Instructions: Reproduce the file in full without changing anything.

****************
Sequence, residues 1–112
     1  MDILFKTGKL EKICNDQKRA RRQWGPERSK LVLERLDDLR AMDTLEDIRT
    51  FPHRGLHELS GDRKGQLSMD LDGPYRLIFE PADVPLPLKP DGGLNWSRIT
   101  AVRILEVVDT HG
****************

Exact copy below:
Sequence, residues 1–112
     1  MDILFKTGKL EKICNDQKRA RRQWGPERSK LVLERLDDLR AMDTLEDIRT
    51  FPHRGLHELS GDRKGQLSMD LDGPYRLIFE PADVPLPLKP DGGLNWSRIT
   101  AVRILEVVDT HG